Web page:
So I didn't feel anything below my pelvis. And so that also meant that there was not gonna be, as I mentioned earlier, the pain signals coming up into my brain. And then post-surgery, I had minimal to no opioid, the day of the surgery afterwards. I think I took like a Tramadol or something like that. And then I went home with aspirin, Tylenol, and an NSAID, and I did have a few Tramadol just to go to sleep at night or if I started getting anxious about something to be able to manage that.
And this leads to the next question which is your personal experience. And this slide asks, what's best for you? What is your past medical experience with pharmaceuticals? Have you had any addictive behaviors? Do you have an addiction with alcohol?
Do you have an addiction to pain medications in the past? You'll notice people that have gone through rehabilitation from addiction to opioids, are just adamant that they will suffer any pain that they have to, to avoid the opioid. One of the biggest side effects of the opioid is that it decreases your pain threshold, and creates anxiety that you need the drug, to be able to control or disconnect from the pain. And it's not even really reducing your pain. It's just reducing the anxiety of that.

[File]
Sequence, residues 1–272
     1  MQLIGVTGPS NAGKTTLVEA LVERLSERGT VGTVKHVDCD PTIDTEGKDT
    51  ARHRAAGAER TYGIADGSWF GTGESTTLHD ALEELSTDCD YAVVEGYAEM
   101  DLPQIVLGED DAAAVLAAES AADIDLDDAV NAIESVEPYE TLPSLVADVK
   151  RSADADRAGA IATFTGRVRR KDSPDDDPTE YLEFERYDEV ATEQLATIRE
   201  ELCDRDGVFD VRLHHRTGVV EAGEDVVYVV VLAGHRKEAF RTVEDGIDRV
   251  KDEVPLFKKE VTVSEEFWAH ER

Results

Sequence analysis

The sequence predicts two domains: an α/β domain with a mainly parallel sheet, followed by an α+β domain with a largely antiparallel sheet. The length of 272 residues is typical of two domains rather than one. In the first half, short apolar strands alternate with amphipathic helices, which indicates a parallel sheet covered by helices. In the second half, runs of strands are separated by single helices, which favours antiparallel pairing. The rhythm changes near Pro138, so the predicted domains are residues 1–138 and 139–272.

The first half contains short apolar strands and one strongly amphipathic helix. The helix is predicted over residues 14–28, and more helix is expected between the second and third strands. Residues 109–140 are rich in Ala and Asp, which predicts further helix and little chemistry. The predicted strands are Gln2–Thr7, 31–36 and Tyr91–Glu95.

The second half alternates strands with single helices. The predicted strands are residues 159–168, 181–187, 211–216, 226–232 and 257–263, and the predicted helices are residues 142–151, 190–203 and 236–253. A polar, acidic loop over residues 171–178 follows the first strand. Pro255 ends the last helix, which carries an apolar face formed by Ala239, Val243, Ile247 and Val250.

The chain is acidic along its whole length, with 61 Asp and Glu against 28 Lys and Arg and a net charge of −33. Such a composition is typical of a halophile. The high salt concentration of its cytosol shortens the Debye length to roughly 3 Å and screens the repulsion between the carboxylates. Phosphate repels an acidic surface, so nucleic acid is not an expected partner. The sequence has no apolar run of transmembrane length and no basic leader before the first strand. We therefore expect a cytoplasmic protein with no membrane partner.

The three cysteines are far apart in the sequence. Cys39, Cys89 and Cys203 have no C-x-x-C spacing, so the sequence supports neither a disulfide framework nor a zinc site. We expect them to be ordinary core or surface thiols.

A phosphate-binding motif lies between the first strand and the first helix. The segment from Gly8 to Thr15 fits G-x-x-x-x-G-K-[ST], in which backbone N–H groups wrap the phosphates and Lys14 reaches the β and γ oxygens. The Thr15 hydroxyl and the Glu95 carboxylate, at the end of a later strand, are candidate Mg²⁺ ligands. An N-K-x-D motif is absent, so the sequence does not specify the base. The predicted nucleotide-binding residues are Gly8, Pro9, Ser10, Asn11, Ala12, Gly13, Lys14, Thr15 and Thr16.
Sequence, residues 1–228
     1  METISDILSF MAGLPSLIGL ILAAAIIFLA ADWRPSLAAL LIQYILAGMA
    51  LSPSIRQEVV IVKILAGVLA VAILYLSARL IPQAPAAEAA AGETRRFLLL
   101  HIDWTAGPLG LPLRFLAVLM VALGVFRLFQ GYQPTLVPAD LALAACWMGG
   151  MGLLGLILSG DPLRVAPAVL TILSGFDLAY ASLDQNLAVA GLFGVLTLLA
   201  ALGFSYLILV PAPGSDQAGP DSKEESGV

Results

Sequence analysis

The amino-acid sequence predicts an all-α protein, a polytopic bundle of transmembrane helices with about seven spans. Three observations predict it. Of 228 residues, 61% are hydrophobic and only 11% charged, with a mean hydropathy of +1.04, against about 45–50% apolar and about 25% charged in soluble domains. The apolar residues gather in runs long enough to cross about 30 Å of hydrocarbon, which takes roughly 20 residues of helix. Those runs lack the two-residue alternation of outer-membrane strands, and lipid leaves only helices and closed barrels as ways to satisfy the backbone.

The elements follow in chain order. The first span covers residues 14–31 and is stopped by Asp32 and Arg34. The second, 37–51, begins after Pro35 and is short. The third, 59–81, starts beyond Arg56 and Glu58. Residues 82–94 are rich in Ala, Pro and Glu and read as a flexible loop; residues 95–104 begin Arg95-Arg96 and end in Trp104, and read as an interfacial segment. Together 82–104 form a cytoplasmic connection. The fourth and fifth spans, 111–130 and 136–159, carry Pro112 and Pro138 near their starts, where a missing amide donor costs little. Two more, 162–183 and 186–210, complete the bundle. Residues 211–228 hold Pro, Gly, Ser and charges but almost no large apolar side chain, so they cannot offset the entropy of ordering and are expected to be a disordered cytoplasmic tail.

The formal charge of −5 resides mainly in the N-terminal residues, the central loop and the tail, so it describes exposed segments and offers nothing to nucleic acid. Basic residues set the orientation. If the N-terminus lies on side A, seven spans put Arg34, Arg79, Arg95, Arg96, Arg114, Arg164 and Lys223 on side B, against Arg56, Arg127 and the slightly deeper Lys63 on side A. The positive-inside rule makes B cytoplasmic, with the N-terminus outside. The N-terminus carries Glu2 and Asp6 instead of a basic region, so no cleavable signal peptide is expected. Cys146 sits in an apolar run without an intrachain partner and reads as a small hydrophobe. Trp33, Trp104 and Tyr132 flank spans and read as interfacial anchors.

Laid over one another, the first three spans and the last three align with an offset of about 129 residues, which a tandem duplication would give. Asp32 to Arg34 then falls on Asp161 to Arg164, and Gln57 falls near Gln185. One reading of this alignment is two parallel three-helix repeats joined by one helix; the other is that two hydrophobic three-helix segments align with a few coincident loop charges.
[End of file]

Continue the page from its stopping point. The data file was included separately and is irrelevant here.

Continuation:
And that's where that addictive behavior comes from. You know, do you have a high versus low pain tolerance typically? If you've been dealing like I did with severe hip pain for 20 years, I was so tickled coming off my bed immediately after surgery with a therapist, and be able to stand up and not have joint pain. Yeah, I felt the tenderness over the incision barely, but I didn't have joint pain. And it was such a relief to me, and I was so happy.
I knew the surgery had been successful and the surgeon told me it went really well, that I immediately put a framework in my mind that I'm okay. There's nothing I need to be afraid of right now. I dealt with some of the wooziness of the anesthesia, and they had to wait for me to get clear on that. And then I was able to go home and I was able to manage it with minimal hardcore drugs to be able to get back to normal. So, it was like, I've been through multiple surgeries.